Comparing purpose-built target guns (which the British also made) to the "game guns" used for driven shooting doesn't work. Your average British 12 bore game gun was lighter than virtually all American 12's. Typical weight would have been around 6 1/2#. The only British pair I've ever owned weighed 6 1/4 with 28" barrels. My current Lancaster SLE, also 28", hits that same weight. So it's not quite like putting thousands of rounds through your typical trap or skeet gun, which will usually weigh at least 1 1/2# more. In terms of shells fired, I've gone through close to a flat of shells for 3 days of driven shooting in Scotland. And back in "the day", the big shoots featured more birds than you'll typically see on your average commercial shoot today.

Also worth pointing out that not all the guns used for driven were bests, nor were all the shooters the super rich. My British pair were Army & Navy boxlocks made by Scott, ordered by a retired British brigadier (brigadier general). Nice guns, but they would not even have qualified as boxlock bests.

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I don't think much can compare to a British 'best' in terms of side by side shotguns. They are works of art and just ooze quality. Some Italian guns and other country's gun can compare in this day and age, but it really boils down to the fact that they are merely copies of what the English produced in the first place, at the turn of the century, which is the focus point of this thread. Just my humble opinion, though. So, maybe Diggory was correct in his assessment, but possibly he should have sugar coated it a bit for those of us Americans who are fond of our American guns and their heritage.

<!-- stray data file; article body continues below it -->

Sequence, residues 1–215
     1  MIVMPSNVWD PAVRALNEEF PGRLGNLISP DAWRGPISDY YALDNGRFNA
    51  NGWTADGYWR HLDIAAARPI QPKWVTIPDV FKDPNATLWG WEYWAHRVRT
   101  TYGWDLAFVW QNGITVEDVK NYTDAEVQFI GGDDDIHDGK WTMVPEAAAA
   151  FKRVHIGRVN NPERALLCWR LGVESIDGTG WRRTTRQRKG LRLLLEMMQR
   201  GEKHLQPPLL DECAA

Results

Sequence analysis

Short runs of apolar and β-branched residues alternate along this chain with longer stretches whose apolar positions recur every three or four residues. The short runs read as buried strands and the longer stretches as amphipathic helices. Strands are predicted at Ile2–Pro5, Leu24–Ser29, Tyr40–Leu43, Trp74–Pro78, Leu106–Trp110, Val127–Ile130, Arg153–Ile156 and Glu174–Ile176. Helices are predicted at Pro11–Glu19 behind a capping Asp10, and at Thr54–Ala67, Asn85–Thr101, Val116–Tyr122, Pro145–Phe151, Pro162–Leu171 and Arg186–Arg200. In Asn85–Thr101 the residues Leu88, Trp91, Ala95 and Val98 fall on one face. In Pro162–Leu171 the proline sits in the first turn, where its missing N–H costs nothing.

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So how well do the American built doubles sale in the international gun auctions? I mean other than Americans buying them who else buys them at the prices the English doubles command? That may determine who built the better double and I think it may be the English.

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Seems to me we're still talking about two different guns. The subject has moved over to discussing what is commonly referred to as a "best" gun, a title tradition has bestowed, rightly or wrongly, to a few London shops. In this category you'll hear little objection from me. However, in the context of a "best" gun for most American shooters around 1900, give or take a few years, the American guns stood the test of having to be all things to all masters quite well, better than almost all of the overseas competition. As I mentioned in an earlier post, this gun often had to get up way before dawn and work in the duck marshes then after a late breakfast be ready for a day's work in the grouse and woodcock covers. Or, if the dinner menu included rabbit then off to the farmyard. Come afternoon it might be laying across the lap of a hopeful hunter skillfully clucking to that gobbler coming through the timber. This is the gun we began talking about and the American makers responded, turning out hundreds of thousands that answered the call exceedingly well. The gun typically would sport thirty inch barrels, weigh somewhere around 7 to 7 3/4 lbs and have a stock selected for strength rather than glamour. And, lacking inherited wealth, the gun had to be affordable by the working man.

The American shotgun does not need to offer any apologies to anyone. For its time and purpose no gun ever built on this earth has ever done so well for so many.


It ain't whether you hit a bird that matters, it's the fun you have even if you don't.
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"The American shotgun does not need to offer any apologies to anyone."

I most would have to agree with that.


David


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Maybe a few apologies wink


Last edited by Drew Hause; 04/16/13 09:46 AM.